Painting cabinets – without sanding or priming – the prokupek project

Friday 11th of November 2016

[…] Milk Paint vs Chalk Paint, My Take […]

April Canby

Friday 19th of August 2016

I have a chest of drawers from my parents. It was a wedding gift but they have updated their bedroom and now I have the hand-me-down 60s set. It's in very good shape - no scratches, dark stain laminate, sturdy construction. However it has a plastic frame attached to several of the drawers. Very square looking. Do you know if the chalk paint will stick to the plastic?


Sunday 21st of August 2016

Hi April! That's a great question . . . I have had good experience with chalk paint sticking to just about anything, although there was one time I used it on a slick, wood-laminate headboard and it scratched off very easily--so it's not foolproof! I know what you're talking about, with those plastic pieces, and my gut says the chalk paint would stick but I can't promise it. I sell a product though called Ultra Grip that you could paint on as a basecoat and I think it would ensure the paint sticking, if you want to be better safe than sorry.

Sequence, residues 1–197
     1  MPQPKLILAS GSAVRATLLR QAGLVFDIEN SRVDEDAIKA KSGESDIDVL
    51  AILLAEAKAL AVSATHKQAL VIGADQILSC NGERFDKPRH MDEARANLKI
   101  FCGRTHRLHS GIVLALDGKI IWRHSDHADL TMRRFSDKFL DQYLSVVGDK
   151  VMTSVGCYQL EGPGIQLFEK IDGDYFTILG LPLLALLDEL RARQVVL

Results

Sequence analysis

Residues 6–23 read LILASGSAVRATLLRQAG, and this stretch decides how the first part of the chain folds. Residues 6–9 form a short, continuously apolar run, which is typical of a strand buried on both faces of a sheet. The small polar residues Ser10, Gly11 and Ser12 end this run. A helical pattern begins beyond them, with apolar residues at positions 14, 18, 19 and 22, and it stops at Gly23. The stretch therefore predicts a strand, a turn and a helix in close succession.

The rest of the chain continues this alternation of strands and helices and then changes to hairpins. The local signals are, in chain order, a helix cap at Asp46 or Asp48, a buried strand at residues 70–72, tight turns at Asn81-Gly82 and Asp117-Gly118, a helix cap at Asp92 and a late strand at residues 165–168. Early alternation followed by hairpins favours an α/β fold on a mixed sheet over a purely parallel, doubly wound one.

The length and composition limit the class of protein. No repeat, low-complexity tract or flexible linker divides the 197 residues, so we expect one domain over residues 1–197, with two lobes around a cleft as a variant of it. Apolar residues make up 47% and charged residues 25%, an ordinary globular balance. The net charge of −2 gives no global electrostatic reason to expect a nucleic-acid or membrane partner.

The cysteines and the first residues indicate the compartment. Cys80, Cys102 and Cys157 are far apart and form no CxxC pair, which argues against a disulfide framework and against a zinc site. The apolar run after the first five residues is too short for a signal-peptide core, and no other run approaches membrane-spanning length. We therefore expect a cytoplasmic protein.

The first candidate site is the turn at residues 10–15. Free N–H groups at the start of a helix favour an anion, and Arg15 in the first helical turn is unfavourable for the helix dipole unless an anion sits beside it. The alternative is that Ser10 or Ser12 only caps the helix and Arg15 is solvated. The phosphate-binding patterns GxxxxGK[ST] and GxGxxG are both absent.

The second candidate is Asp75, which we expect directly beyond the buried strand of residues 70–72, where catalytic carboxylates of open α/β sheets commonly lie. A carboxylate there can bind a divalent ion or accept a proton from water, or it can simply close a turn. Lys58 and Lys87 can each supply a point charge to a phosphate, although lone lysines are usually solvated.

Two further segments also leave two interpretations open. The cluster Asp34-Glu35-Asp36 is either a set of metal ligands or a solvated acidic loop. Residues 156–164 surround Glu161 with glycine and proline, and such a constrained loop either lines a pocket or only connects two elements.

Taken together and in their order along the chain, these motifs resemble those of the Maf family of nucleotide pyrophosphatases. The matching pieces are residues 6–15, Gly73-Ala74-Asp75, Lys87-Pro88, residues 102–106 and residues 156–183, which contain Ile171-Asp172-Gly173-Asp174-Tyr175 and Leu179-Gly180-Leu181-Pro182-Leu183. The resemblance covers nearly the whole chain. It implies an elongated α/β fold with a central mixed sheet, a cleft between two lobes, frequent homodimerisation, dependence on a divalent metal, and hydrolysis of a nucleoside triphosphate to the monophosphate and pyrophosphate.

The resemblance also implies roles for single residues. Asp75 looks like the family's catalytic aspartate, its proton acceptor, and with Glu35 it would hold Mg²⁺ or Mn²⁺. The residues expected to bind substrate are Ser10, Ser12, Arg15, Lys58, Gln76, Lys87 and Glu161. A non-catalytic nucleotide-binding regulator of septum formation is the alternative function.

Sherry Stuifbergen

Tuesday 3rd of May 2016

Thank you for all your information. I am going to save this post. I want to paint an antique cupboard with milk paint, using and under color and allowing that color to show like your hanging dish cupboard. I am a sub-scriber to "Miss Mustard Seed" too. I enjoy all your ambition and wonderful finds.


Thursday 5th of May 2016

Thank you Sherry, you are so kind. Good luck with your milk paint project!

4 Different Styles for White Painted Furniture | Lost & Found

Monday 2nd of May 2016

[…] Lastly, you can change up the solid white finish by making the white paint very distressed or “chippy,” like with my Cherry Blossom dresser. If you want this look, milk paint is the way to go. You can read more about milk paint and how I use it here. […]


Friday 25th of March 2016

I want to re-paint a Habersham painted bed (color now is Tapioca) that I feel is too yellow. I need a neutral tone of off white or light beige that will go easily with linens and rugs. Any suggestions?